Having received such a great resource, my colleague Nick Hiley, who’s in charge of special collections at the university library suggested we should use this as the basis of a new national archive of stand-up comedy. This would sit nicely alongside the British Cartoon Archive, which was established at Kent over 40 years ago. I liked the idea of the archive, but I wasn’t sure how comedians would react to it because they can be very protective of their work. My fear was that we could set up an archive, but nobody would want to donate to it. I suggested that I should sound out a couple of comics about it before we took the idea any further.
The first person I asked was Mark Thomas, the amazing political comedian whose solo shows delight critics and audiences but sometimes leave politicians a bit pissed off. Not only did he instantly agree to donate, within a few weeks he had come along in person to the university to bring two massive rucksacks full of material for the archive. This included some of the props and costumes he has used in his campaigning stunts – like a high-vis jacket with ‘trainee shoplifter’ emblazoned across the back – but also letters and legal documents which provide evidence of just how much he has unsettled those in power with his comedy.
We have also had donations from Tony Allen, a seminal figure in the early alternative comedy scene. Among these is an audio recording of his first-ever stand-up gig, which he did over a month before the Comedy Store opened in 1979. Listening to this for the first time was an incredibly exciting experience for me, not least because it’s a really funny performance. You hear a complete novice getting laugh after laugh with material that seriously challenged prevailing ideas and more, at a time when most comedians just reeled off unoriginal racist gags and mother-in-law jokes. I’d argue that what we have on this battered old cassette is a record of a pivotal moment in the history of British comedy.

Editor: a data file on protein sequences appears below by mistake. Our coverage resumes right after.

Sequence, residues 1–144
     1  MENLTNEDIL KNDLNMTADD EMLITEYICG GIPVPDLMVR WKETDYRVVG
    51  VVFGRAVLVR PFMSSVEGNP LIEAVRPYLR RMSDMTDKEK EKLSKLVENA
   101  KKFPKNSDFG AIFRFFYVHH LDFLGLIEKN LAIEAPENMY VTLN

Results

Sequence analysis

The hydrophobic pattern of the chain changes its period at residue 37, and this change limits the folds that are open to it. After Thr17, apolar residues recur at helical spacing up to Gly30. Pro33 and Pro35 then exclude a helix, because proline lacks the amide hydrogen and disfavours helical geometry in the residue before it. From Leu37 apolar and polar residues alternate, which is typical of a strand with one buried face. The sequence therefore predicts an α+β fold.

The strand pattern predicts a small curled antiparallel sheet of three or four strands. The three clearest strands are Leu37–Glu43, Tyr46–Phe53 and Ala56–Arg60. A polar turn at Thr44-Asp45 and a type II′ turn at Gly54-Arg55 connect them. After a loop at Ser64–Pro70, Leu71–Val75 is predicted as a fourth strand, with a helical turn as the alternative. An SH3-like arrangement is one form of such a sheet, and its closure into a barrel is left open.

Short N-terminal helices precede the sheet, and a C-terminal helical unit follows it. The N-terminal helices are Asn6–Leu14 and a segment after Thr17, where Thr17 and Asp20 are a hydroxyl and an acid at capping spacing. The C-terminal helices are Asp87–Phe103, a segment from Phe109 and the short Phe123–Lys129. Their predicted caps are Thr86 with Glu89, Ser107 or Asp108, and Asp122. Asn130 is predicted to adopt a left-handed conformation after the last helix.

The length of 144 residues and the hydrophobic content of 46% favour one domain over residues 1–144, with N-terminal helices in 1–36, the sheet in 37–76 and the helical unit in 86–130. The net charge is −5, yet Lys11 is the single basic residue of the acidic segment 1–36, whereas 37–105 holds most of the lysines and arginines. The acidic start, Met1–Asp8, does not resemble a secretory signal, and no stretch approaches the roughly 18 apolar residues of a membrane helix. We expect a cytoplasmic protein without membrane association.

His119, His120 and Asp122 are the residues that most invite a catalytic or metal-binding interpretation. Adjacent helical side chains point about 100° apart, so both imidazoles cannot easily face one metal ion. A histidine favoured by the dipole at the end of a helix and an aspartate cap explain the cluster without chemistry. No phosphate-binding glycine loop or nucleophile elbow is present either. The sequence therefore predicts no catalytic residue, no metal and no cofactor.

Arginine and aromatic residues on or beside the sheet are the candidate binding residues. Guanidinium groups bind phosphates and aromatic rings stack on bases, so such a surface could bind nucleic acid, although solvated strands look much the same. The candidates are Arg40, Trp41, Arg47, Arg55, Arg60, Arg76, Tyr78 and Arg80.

The University of Kent is celebrating its 50th birthday this year by funding a series of beacon projects that celebrate its past and build for the future. The British Stand-Up Comedy Archive is now being funded under this scheme, and this has opened up all kinds of exciting possibilities. The first thing is that we have appointed an archivist, Elspeth Millar, and a digitisation assistant, Errin Hussey. In the last month or so, they have been working their way through the material we have so far, starting to catalogue what’s there and digitise it to make it more accessible to anybody who might want to use it. I’ve got some third-year drama students on a stand-up comedy module who will be using some of the digitised unpublished recordings in their research.
In addition to this, we’re also running a series of in-conversation events with comedians like Alexei Sayle and Richard Herring, and in May, Mark Thomas will be giving the inaugural Linda Smith lecture, which will become an annual event. Mark is a particularly fitting choice, because he knew and worked with Linda, and is now represented by Warren.
For the present, the archive is still very much in its infancy. We have a lot of material from a fairly limited number of sources. However, many comedians have offered to loan or donate material and Elspeth is currently chasing them up, hoping to turn vague promises into concrete donations. Our hope is that over the next few years, the archive will grow and thrive into a rich collection which will inform the work of students and academic researchers. Despite its popularity, stand-up comedy is often looked down on as mere entertainment. By preserving the materials that are donated to us, we hope to recognise stand-up comedy as the exciting, innovative, and intensely live art form that it really is.
Oliver Double is a Senior Lecturer in Drama and Deputy Head of the School of Arts at the University of Kent. But in a former life he was a stand-up on the national comedy circuit ('Delightful' -The Guardian), a member of Red Grape Cabaret ('Whoever it was that wrote off alternative comedy, they forgot to tell Red Grape Cabaret' -William Cook, The Guardian), and used to run the Last Laugh, Sheffield's longest running comedy club